SAN ANTONIO – “Never again” — those two words refer to the Holocaust, the murder of 6 million Jews and 5 million others.
Monday marked 75 years since the liberation of Auschwitz. It also marked two significant steps for the state and country to bring Holocaust education to the forefront.
This week is Texas’ first official Holocaust Remembrance Week, mandating all Texas schools to educate students about the Holocaust.
That piece of legislation started with four San Antonio women.
"They wanted this legislation to pass, so they went from representative to representative to find someone to sponsor the bill. Sen. Menendez did sponsor it, and it passed unanimously in the Texas state legislature," said Julie Tzucker, education coordinator for the Holocaust Memorial Museum of San Antonio, which is a program within the Jewish Federation of San Antonio.
Every year, this week in January will be Holocaust Remembrance Week throughout the state.
“Hate crimes are on the rise, unfortunately, and antisemitism, especially. So we feel it’s important to teach this history, not necessarily between Germans and Jews, but as a human story, to teach our children to be upstanders and see themselves in the faces of strangers so we can create a better future without genocide in it,” Tzucker said.
Tzucker said during this new designated week, she has already seen an influx of students and visitors wanting to learn about the Holocaust.
She said it's a critical time for legislation like this to be passed. Many Holocaust survivors have died or are in their 90s. Very few are still willing and able to travel to do speaking engagements to share their crucial stories.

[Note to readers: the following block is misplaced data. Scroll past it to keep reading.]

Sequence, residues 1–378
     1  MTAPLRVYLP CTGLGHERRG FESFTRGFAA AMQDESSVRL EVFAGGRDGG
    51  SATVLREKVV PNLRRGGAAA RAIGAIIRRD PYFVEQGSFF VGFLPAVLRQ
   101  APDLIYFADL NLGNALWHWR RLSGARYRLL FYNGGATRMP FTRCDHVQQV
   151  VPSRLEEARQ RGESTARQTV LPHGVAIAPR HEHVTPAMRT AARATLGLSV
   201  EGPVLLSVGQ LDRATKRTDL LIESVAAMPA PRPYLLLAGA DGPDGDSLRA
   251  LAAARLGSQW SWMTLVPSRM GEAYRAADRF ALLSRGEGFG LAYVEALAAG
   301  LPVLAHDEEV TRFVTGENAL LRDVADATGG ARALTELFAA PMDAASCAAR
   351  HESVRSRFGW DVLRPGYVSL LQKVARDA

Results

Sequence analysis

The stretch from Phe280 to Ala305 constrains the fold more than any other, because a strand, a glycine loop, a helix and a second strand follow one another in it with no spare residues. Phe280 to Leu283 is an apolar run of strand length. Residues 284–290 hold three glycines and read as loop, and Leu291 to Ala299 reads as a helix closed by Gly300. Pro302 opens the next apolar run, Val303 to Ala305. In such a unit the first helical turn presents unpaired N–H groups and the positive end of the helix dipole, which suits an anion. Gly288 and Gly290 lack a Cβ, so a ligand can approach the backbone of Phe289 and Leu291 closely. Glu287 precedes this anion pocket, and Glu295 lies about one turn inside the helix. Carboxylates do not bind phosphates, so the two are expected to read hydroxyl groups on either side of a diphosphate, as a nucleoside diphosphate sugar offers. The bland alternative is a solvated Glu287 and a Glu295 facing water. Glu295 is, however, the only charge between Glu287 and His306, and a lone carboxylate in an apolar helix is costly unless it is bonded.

The Holocaust education mandate could also soon be nationwide.
On Monday, the Never Again Education Act was passed in the U.S. House of Representatives with a vote of 393-5. It now moves onto the Senate, where many members have already vocalized their support.
The law would provide $10 million in federal funding over five years for things like books, workshops or transportation to museums.
"There's a large number of Americans who don't know this history, or they think it's a belief rather than a fact," Tzucker said. "These are indisputable facts, and this is one of the most well-documented crimes in history, and we can learn a lot from this."
Anyone who cannot make it to the museum can take a virtual tour and watch presentations on the Holocaust Memorial Museum of San Antonio website.